Lectionary Reflections: Nineteenth Sunday in Ordinary Time [a] August 10 2014

Engaging Faith | Wed, Aug 6, 2014

By John Bucki, S.J.
Source: Center of Concern

Nineteenth Sunday in Ordinary Time [a]

August 10, 2014

Copyright @ 2014, Center of Concern


1 Kings 19: 9a, 11-13a

Romans 9: 1-5

Matthew 14:22-33 



August 6: Anniversary of the dropping of the atomic bomb over Hiroshima in 1945 

August 9: Anniversary of the dropping of the atomic bomb over Nagasaki in 1945

August 11: Feast of Clare of Assisi

August 14: Feast of Maximilian Mary Kolbe

August 15: Feast of the Assumption of Mary



There is a growing awareness of the sublime dignity of human persons, who stand above all things and whose rights and duties are universal and inviolable. They ought, therefore, to have ready access to all that is necessary for living a genuinely human life: for example, food, clothing, housing ... the right to education, and work...

Vatican II, The Church and the Modern World, #26

We exact your elements to make cannons and bombs

But out of our elements you create lilies and roses.

How patient you are earth and how merciful!

Kahil Gibran

Each person has inside a basic decency and goodness. If he listens to it and acts on it, he is giving a great deal of what it is the world needs most. It is not complicated but it takes courage. It takes courage for a person to listen to his own goodness and act on it.

Pablo Casals

…When we seek guidance in terms of discernment and decisions we need to look not just to God in heaven, but also to what is being pointed out to us by the Body of Christ on earth, namely, our families, our friends, our churches, and our communities. … God does not speak to us through séances, and the most important things that God wants to say to us are not given in extraordinary mystical visions. The God of the incarnation has real flesh on earth and speaks to us in the bread and butter of our lives, though things that have skin – historical circumstance, our families, our neighbors, our churches.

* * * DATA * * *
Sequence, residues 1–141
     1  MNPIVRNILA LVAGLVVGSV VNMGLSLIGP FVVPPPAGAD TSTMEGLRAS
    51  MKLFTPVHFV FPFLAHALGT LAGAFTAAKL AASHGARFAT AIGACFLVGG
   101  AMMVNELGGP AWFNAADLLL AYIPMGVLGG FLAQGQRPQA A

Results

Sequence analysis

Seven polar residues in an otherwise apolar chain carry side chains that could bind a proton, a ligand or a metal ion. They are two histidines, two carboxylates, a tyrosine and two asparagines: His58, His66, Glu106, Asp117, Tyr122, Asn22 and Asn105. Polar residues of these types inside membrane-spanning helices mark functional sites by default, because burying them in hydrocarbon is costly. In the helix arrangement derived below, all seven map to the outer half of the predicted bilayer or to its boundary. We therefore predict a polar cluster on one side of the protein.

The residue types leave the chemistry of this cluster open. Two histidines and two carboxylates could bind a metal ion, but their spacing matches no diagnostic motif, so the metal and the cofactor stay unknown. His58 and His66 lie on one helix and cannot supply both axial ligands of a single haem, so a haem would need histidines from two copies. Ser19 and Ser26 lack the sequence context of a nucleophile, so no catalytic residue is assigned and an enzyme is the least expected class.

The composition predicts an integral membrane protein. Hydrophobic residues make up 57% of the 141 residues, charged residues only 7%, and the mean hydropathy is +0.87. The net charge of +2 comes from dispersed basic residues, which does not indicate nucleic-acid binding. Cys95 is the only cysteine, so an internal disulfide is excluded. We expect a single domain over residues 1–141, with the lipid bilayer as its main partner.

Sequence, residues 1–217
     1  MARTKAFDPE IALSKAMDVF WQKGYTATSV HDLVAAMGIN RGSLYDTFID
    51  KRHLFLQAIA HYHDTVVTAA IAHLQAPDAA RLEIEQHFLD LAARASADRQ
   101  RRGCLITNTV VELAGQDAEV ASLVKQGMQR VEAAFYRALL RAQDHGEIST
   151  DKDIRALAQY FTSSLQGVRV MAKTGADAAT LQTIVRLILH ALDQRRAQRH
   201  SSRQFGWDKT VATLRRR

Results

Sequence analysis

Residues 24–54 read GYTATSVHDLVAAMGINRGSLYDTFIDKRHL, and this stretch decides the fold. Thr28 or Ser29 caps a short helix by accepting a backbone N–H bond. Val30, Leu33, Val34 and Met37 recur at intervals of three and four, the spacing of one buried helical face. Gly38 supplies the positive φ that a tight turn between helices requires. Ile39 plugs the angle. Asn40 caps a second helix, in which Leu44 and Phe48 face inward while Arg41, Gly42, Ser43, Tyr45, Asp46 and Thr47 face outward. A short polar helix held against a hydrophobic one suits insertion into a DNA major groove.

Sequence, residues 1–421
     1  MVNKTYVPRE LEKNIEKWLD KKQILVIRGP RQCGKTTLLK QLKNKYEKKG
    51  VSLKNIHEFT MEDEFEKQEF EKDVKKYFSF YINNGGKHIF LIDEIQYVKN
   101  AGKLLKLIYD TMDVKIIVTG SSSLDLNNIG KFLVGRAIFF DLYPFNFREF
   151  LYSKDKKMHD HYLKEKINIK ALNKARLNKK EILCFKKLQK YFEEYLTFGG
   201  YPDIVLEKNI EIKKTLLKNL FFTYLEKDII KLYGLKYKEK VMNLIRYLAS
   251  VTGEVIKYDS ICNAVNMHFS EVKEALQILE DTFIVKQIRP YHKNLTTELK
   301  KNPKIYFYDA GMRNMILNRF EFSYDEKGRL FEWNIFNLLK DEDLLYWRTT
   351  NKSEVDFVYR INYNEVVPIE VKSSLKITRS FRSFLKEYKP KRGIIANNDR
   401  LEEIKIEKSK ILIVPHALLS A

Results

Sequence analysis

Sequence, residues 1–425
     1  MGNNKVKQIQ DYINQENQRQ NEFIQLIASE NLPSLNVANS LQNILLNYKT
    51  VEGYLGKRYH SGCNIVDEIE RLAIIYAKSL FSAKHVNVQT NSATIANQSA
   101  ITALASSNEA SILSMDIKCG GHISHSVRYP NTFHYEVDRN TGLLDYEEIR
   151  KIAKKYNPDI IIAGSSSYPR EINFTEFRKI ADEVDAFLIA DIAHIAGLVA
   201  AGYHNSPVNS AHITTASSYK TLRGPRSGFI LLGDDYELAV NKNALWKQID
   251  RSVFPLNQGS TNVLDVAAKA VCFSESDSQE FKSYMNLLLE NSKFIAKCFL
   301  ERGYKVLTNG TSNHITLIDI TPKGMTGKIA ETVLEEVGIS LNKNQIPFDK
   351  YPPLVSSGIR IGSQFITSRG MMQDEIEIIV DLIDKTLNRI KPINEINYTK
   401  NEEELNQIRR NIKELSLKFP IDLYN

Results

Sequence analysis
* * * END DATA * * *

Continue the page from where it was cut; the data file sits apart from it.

Ronald Rolheiser, The Holy Longing, 95

When one lives attached to money, pride or power, it is impossible to be truly happy.

Pope Francis @Pontifex July 24, 2014


Thoughts for your consideration

Today’s scriptures are centered on the experience of God and the invitation to believe. 

Our experiences of God and of faith (belief) have a social dimension.

Our contemporary social, political and economic situation can challenge our faith.  Thoughtful and effective political discourse seems to be missing on many levels. Despite the statistics and “official end of the recession” an economic recession (“the great recession”) continues for many people. New statistics remind us of increasing income inequality in the United States and around the world. The war continues in Afghanistan, Syria, Gaza, the Ukraine, Iraq, and many other places. Fear of violence dominates our thinking and planning.  Poor folks are struggling. Injustice abounds. World problems, along with local problems and personal problems, can overwhelm us.

For serious Christians, the existence of war and violence, the prevalence of injustice and poverty, a certain widespread apathy about all these things, and the shear volume of issues and needs, can feel like the storm in the gospel or like the winds, earthquake and fire in the first reading. Demands on our goodness, can rightly make us want to get away from it all, like Jesus who dismisses the crowd and goes off to pray. At the same time, somehow in the midst of all the storms, God can be experienced, we can even grow in our faith, and we can get into action to do something. We might even “walk on water” for a little while with God’s help. 

Getting away from it all, can be a good thing. Jesus (in his prayer on the mountain) reminds us of the need we have to get away, connect with God, and take care of our spirits as we struggle to continue in our ministry and deal with the contemporary social situation. Rooted in real experience, reflection and prayer is critical. All men and women, especially those who are poor or struggling for justice, need time and resources to take care of themselves and to nurture their life and solidarity with God and others. Every person is a being worthy of dignity, respect, and even leisure.

Elijah (in his prayer on the mountain) reminds us that our faith is not to be based on religious excitement or fireworks. We don’t need the spectacular to find God. Getting fixated on special external religious phenomena can keep us from finding God. Real faith is a much different thing. Real faith is something more than a “spiritual high.”  It is involved with the issues of the world. It involves humble service and solidarity with those in need and even sometimes, as in the second reading, feeling “great sorrow and constant anguish in my heart.” Such solidarity can be empowering for us and for all those we are with.  Then, we might experience anew, the God in the “tiny whispering sound.”


Questions for Reflection in your Faith Sharing Group

  • What world or local political or social problems challenge you and your faith?